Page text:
Drug abuse has continued to plague societies around the world. In the United States, the peril has increasingly become prevalent with millions addicted to substances such as alcohol, cocaine, methamphetamine, heroin, and others. Though the effects of drug abuse may vary from one drug to another, it should come as no surprise that abusing cocaine has the power to cause severe physical harm to the body, legal problems, and lead to a downward spiral in social life.
Methods of Abusing Cocaine
According to available information regarding substance use, abusing cocaine in any capacity can lead to addiction. Further, most researchers uphold that the habit isn’t just about how much of the drug you use; it’s also about how you use it. As a stimulant that has been abused for ages, users often consume the drug in varying ways. Some prefer to administer it via nasal insufflation (snorting), while others choose to inject or smoke it. Each of these methods of consumption is highly addictive, presents with unique dangers, and elicits its effects differently.
Understanding how the mode of abuse increases the level of addiction can help you identify the short-and long-term impacts that are likely to affect you or your loved ones. In this article, we take a look at how smoking, injecting or snorting crack can affect the level of addiction.
The Methods of Abusing Cocaine DO Factor into Addiction
In pharmacokinetics, drugs usually take different times to get to various stages from absorption, distribution, bioavailability, metabolism, to excretion. With cocaine, different modes of intake play a significant role in how the drug is absorbed into the body and then excreted.
According to recent research from the University of Montreal, the delivery method to the brain determines how long the drug stays in the body. The delivery method also controls how long it takes for effects to kick in. In turn, this influences the onset and level of addiction.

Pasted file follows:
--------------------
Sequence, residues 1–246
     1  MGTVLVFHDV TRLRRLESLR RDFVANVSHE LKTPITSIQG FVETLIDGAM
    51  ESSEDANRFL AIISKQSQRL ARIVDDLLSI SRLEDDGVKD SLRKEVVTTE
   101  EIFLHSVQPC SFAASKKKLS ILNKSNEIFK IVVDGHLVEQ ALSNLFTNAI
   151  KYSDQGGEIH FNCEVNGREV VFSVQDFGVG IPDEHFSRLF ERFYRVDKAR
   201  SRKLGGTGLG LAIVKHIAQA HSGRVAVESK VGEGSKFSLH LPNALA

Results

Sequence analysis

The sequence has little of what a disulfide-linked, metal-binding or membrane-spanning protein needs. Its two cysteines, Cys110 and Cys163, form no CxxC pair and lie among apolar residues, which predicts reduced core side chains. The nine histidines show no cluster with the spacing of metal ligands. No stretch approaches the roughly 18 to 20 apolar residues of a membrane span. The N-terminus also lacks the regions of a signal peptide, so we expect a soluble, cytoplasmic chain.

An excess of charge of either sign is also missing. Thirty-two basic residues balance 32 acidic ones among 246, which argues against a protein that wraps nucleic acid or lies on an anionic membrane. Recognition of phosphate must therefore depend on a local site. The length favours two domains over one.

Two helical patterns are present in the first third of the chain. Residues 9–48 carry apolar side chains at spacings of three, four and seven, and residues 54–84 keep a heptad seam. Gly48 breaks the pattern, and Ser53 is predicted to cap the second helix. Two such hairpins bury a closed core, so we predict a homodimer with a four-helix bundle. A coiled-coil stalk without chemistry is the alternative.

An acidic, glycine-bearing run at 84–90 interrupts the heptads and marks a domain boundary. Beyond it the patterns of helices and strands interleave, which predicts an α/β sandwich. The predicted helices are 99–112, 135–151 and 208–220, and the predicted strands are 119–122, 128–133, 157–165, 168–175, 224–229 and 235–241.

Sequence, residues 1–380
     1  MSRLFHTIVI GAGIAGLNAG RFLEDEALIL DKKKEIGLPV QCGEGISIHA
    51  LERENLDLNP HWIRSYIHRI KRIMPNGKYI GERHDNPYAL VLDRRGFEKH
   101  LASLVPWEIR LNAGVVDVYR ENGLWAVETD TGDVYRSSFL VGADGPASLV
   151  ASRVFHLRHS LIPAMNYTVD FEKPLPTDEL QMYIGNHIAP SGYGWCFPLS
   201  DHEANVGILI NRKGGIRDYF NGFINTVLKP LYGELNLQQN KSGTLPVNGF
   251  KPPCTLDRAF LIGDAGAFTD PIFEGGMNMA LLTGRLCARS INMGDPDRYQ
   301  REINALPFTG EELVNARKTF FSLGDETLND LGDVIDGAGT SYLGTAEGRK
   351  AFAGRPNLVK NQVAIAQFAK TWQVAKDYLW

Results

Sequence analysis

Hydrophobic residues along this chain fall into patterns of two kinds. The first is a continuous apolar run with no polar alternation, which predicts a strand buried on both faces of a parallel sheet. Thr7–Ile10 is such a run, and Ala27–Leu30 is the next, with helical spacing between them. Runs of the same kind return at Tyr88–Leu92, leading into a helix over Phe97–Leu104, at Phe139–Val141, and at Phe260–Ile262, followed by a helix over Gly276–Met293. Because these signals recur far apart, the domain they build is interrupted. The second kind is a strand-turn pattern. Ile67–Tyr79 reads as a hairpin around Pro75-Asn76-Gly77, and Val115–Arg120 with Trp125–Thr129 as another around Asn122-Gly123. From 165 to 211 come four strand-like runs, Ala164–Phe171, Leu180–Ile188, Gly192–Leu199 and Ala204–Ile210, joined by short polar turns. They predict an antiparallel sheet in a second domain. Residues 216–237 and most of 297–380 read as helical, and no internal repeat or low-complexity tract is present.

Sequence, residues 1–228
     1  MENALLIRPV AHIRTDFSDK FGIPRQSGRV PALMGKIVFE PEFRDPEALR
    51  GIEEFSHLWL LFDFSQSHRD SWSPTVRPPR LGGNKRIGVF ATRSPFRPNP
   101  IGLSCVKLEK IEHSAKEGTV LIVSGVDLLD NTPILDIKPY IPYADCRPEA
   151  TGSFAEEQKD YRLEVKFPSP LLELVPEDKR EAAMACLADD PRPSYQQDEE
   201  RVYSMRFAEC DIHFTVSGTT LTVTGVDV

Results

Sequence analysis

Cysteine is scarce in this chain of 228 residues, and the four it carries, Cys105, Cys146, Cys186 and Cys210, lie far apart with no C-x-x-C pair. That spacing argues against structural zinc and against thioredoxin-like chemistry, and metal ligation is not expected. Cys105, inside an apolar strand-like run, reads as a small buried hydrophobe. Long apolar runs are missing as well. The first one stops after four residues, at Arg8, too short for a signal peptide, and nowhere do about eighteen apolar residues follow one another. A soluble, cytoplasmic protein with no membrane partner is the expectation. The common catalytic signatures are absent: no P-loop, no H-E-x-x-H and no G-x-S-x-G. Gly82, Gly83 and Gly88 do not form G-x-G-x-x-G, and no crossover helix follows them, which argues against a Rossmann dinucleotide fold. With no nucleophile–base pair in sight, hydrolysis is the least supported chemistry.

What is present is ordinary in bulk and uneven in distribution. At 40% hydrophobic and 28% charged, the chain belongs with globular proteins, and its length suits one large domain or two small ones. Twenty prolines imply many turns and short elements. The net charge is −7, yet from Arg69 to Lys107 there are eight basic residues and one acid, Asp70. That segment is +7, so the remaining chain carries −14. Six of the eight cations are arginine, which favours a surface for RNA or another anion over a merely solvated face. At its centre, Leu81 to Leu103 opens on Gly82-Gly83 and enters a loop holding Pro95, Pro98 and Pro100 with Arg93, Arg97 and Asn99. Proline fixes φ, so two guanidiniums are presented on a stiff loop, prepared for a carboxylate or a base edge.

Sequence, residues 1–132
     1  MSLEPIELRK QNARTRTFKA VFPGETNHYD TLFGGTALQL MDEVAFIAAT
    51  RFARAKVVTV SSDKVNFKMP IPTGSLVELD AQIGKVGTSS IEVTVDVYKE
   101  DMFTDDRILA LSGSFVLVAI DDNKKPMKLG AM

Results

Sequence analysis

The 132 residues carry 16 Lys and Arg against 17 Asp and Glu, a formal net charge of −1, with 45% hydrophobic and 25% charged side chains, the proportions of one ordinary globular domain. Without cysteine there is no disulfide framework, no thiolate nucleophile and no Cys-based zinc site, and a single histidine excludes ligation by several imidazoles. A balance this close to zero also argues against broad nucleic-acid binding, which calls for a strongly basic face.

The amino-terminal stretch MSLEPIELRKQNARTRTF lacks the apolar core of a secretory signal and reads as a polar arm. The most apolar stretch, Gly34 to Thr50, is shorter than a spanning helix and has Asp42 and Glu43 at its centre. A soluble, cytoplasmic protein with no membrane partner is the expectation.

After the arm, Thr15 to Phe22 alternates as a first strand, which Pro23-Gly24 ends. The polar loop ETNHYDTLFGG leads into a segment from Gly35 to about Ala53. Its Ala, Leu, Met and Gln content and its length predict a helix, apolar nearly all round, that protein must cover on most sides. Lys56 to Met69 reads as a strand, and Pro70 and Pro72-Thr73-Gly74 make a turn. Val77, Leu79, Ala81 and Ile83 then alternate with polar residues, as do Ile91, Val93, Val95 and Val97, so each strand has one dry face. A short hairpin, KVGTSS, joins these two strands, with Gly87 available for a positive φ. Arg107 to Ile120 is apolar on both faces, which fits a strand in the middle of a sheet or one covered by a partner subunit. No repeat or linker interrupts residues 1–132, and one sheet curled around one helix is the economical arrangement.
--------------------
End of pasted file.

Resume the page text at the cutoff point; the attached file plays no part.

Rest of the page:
What Smoking Cocaine Does To Your Body
Smoking cocaine is the fastest way for it to get to the brain, according to Psychology Today. Cocaine is typically smoked using a glass water pipe or hand pipe. Also, it can be smoked by placing crack on a piece of tin foil. Generally speaking, the procedure involves heating a rock crystal (freebase cocaine) to produce vapors that are inhaled into the lungs. The lungs then absorb the smoke into the blood via the permeable membrane and the drug reaches the brain in less than 10 seconds.
Smoking cocaine produces a temporary high that lasts for up to ten minutes. The fact that a lot of the drug reaches the brain straight away without being processed by the liver elicits a delightful euphoric sensation known as a rush. Once the instant high dies down, cocaine’s lasting effects start and often run the gamut from moderate to severe or even life-threatening.
Since the first impacts of crack diminish pretty fast, sometimes users tend to stack up doses before the euphoria wears off. In due course, this habit leads to the more rapid development of abusing cocaine compulsively. Additionally, “Crack’s” overall short-term effects and smoking itself further intensifies the drug’s addictive ability, according to the National Institute on Drug Abuse. Frequently, long time crack users suffer from sleep deprivation, malnutrition, increased blood pressure and heart rate. Other health effects associated with smoking cocaine include; weakened immune system, respiratory problems, kidney damage, liver damage, and heart damage.
What Happens When You Inject Cocaine?